Nystagmus falls under two main categories: congenital and acquired. Congenital nystagmus causes include eye disease, neurological disorders, and genetic mutations, among others. Acquired nystagmus causes include physical trauma, exposure to toxins, and disorders of the central nervous system.
This medical condition is characterized by involuntary eye movement that is both slow and rapid. Left untreated, the condition can lead to severe vision impairment. Between the two categories of nystagmus, the congenital kind occurs more frequently. The characteristic jerking of the eyeball is commonly associated with a number of congenital conditions, including albinism, Down syndrome, and aniridia, which is absence of the iris. Other conditions considered to be nystagmus causes include Leber's congenital amaurosis and Noonan syndrome.
Poor natal development can also account for neurological nystagmus causes. The introduction of certain toxins, such as alcohol and illegal drugs, can stunt the development of the fetus' brain, which might lead to a lack of control over the eyes' movements. It is also possible that nerve and muscle development in the fetus is weakened due to genetic factors, which can cause nystagmus.
Recent research has identified genetic mutations in patients with congenital nystagmus. It is believed that anomalies in several x-chromosome genes are to blame for the vestibule-ocular reflexes found in individuals suffering from nystagmus. Mutations in FERM domain-containing protein 7 (FRMD7) and nyctalopin have been identified as possible nystagmus causes.
Acquired nystagmus, on the other hand, refers to any nystagmus that manifests after childbirth. Any form of trauma to the optic nerves that handle eye movement can lead to the condition. Severe illnesses such as Whipple's disease, for example, can cause nerve damage in the eye area through malnutrition. Strokes can similarly cause enough damage to cause nystagmus. Several forms of physical trauma can also account for nystagmus causes, including powerful blows to the head and strikes to the eye.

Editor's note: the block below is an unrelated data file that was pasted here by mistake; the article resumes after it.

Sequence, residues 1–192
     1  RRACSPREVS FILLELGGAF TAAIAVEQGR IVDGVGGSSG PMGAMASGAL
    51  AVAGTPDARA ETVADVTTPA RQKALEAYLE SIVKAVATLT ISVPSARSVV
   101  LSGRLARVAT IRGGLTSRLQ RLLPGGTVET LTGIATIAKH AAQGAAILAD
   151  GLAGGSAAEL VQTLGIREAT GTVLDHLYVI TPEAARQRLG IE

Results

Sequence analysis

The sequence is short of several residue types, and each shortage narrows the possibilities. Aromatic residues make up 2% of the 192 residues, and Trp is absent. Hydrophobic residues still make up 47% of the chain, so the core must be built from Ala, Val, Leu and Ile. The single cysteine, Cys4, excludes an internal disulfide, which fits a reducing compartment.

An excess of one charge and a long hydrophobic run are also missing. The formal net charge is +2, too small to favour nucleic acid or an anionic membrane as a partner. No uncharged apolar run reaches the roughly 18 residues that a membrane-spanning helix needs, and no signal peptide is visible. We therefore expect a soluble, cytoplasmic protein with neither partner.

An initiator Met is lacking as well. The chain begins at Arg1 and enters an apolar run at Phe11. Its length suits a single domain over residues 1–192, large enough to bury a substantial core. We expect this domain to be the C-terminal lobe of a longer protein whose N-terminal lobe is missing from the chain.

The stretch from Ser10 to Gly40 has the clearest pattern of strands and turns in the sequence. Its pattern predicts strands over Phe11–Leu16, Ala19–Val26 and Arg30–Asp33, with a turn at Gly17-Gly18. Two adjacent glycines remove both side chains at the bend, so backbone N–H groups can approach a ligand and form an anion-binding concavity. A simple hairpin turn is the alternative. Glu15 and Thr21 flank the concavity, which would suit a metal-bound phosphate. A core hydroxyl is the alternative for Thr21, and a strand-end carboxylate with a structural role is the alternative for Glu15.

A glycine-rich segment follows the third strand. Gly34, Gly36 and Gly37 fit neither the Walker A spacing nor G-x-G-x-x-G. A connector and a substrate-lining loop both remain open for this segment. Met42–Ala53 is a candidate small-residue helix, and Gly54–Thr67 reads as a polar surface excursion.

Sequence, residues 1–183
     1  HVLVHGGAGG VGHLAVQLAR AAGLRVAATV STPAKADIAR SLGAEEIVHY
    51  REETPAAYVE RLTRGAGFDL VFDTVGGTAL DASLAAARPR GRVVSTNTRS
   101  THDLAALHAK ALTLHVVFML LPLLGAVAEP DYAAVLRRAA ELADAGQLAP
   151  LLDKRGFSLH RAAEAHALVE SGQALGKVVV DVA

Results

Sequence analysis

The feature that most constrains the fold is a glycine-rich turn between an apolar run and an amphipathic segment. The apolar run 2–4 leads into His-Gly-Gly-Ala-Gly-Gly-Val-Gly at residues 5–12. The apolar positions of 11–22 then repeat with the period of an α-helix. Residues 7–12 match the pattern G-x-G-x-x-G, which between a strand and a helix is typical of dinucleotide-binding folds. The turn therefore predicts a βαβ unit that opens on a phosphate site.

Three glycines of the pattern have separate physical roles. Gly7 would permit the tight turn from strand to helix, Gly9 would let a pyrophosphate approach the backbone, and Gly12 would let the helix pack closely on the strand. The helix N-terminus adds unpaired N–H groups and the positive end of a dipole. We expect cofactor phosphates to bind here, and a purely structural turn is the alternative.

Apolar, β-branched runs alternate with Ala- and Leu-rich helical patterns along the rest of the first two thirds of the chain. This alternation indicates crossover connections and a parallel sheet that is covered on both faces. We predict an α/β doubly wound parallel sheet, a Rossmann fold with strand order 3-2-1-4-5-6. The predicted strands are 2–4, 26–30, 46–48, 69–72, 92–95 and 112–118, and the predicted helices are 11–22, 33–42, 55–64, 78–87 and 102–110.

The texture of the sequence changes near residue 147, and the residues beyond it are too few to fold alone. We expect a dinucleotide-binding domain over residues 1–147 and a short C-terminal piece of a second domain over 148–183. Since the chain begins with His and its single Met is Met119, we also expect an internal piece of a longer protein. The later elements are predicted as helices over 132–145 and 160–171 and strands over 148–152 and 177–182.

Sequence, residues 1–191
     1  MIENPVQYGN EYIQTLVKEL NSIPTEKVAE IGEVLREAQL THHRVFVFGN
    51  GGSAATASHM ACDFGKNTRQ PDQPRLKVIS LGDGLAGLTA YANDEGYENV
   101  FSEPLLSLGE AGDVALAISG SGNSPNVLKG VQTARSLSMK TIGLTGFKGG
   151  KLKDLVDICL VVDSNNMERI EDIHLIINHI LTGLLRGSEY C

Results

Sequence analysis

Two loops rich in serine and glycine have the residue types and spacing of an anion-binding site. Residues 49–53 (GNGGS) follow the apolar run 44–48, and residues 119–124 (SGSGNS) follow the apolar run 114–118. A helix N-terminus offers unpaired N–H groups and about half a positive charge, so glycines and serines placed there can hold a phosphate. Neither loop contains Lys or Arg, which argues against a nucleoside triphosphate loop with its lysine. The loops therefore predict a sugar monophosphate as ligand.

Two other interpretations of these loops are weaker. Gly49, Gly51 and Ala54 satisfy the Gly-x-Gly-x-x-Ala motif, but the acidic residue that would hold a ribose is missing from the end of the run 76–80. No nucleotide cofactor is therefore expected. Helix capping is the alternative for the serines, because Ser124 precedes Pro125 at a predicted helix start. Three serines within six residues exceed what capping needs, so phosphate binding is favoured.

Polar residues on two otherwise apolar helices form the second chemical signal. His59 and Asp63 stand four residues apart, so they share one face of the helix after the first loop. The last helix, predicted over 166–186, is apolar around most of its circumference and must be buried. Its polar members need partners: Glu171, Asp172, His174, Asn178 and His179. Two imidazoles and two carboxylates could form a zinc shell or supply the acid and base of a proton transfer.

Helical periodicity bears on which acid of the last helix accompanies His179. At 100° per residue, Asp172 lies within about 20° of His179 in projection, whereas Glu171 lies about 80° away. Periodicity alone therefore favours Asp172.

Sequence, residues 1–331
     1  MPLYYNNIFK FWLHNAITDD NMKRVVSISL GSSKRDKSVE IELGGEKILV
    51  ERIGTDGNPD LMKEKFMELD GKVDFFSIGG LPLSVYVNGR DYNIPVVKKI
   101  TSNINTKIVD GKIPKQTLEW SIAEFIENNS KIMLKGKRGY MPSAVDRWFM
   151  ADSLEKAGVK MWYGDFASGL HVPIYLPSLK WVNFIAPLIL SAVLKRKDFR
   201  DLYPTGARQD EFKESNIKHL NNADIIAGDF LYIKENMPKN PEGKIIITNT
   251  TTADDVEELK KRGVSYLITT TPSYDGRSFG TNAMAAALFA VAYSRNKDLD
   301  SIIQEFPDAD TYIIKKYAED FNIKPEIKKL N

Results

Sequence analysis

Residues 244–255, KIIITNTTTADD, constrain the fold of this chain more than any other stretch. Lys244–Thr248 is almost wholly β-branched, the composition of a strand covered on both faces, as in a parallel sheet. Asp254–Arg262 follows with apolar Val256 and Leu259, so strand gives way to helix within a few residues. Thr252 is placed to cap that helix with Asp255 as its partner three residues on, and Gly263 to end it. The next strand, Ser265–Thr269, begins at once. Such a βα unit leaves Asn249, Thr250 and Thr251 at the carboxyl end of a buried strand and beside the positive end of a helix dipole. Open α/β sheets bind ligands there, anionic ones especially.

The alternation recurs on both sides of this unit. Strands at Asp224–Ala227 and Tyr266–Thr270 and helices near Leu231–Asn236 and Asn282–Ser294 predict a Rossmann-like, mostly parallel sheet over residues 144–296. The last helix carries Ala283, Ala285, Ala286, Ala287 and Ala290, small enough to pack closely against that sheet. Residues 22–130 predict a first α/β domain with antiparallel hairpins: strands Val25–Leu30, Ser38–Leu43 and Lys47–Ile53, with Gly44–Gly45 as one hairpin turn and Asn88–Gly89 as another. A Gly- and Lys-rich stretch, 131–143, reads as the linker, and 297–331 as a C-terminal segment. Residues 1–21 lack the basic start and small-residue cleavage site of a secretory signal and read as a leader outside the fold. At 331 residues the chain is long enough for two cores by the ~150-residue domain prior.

Toxins can lead to nystagmus, as well. Common toxin-related nystagmus causes include alcohol, antidepressant medications, and anticonvulsants. Heavy exposure to recreational drugs such as ketamine and lysergic acid diethylamide (LSD) can cause significant enough nerve damage to cause the condition. If the patient was dependent on any substances, nystagmus might also manifest as a withdrawal symptom.
Another category of acquired nystagmus causes is central nervous system dysfunction. These can be as simple as a deficiency in certain nutrients, such as thiamine, or as grave as multiple sclerosis. It is also possible that nystagmus is a result of a tumor in the brain or in the eye. In such cases, medical intervention might prove effective in controlling the condition.